Here's Why You May Be Seeing More Green Parrots Around La Jolla than Usual -

Here’s Why You May Be Seeing More Green Parrots Around La Jolla than Usual

If you’ve seen more green parrots around La Jolla, you’re not alone. There are a couple of reasons why the non-native bird has been more active around the neighborhood.

Green parrots are not native to the San Diego region, but they are annual visitors. Parrots come to the city every year to nest in the date palms around coastal communities like La Jolla and Del Mar.

According to the La Jolla Light, many residents say that the green parrots are unusually active and visible this year.

The publication reached out to an expert, Sarah Mansfield, the operations manager at SoCal Parrot. The organization is a nonprofit that rescues wild parrots and raises awareness about the birds.

Specifically, the most commonly seen parrots in San Diego this year are red-crowned amazons. So many locals have been seeing them around town because it’s “baby season,” Mansfield said.

Red-crowned Amazon parrot. Photo courtesy of Wikipedia.

Red-crowned amazons have already laid their eggs for the season, but other green-colored parrot species — such as the masked conure parrots — will be seeking out nesting sites over the next coming month.

Parrots around San Diego will eat non-native fruit and flowering trees. They frequently choose to nest in the lush tops of Canary Island date palms. Instead of building their nests, parrots will seek out holes made in trees by other animals. That behavior is known as “cavity nesting.”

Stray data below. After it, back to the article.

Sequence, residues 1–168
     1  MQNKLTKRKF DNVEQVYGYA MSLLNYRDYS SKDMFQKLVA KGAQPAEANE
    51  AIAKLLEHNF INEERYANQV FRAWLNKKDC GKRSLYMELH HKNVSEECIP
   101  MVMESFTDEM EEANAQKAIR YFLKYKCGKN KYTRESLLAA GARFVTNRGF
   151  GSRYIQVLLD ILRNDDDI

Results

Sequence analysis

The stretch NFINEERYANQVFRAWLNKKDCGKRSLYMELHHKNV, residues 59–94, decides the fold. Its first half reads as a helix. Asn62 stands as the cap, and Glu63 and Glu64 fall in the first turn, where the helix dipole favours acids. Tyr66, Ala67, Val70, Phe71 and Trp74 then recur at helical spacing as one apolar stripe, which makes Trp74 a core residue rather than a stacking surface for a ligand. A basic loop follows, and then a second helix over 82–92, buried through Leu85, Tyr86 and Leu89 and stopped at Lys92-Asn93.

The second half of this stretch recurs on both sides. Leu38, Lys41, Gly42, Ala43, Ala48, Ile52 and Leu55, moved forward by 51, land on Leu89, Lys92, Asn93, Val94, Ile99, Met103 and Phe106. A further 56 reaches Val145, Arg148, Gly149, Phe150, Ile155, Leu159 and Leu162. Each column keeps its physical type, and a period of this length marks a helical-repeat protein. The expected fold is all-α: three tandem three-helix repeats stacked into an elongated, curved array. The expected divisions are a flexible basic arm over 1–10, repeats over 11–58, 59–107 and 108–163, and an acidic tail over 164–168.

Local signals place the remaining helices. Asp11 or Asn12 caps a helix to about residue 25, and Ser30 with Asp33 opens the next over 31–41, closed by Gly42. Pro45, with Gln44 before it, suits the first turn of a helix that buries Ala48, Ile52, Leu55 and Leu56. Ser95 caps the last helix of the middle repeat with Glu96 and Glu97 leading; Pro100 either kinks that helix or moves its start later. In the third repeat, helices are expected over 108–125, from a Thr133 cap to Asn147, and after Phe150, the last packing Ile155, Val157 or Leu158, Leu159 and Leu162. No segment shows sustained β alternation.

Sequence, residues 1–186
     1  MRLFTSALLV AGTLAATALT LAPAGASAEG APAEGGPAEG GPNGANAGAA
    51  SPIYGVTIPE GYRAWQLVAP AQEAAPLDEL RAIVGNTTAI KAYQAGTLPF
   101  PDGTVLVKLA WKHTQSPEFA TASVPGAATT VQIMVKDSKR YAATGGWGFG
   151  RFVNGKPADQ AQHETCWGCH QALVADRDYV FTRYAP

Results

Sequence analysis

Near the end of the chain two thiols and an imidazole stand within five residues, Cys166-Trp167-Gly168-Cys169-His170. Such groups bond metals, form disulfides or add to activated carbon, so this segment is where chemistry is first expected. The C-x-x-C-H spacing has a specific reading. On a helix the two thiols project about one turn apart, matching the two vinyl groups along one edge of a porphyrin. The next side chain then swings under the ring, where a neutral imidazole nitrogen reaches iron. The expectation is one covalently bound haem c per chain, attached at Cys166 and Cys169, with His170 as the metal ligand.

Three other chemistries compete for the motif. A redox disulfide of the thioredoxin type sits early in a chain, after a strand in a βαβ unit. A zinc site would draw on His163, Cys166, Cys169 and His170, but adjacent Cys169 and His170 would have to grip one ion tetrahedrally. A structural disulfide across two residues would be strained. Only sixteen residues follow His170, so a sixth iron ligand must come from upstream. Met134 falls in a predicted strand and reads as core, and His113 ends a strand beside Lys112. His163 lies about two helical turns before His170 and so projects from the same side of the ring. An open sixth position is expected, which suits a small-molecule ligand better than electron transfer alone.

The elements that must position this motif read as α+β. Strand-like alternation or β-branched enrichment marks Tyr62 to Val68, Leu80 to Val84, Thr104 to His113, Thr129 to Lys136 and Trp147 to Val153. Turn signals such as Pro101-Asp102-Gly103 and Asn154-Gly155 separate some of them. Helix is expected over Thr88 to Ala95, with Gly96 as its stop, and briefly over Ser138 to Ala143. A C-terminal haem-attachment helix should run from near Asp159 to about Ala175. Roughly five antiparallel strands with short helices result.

While it’s nesting season for the parrots, Mansfield said another reason why residents are seeing more of the birds around is that several palm trees were recently removed in the Point Loma and Ocean Beach area. That may have caused parrots there to look for nests elsewhere, such as in La Jolla.

Although the green parrots are not native to the area, they are naturalized, meaning they’ve had breeding groups in the region for a while.

And just because they’re non-native doesn’t mean they’re invasive. Mansfield says the birds don’t compete with native species for food and resources since they eat and live on non-native plants.

If you spot a parrot that seems confused or hurt, you can contact SoCal Parrot directly.

About the author: Mike Peterson is a freelance journalist and writer based in North San Diego County. He’s written and worked for a number of local media outlets, including the San Diego Union-Tribune, the North Coast Current, and the Oceanside Blade.

The photo of the red-crowned Amazon parrot can be found on Wikipedia here.

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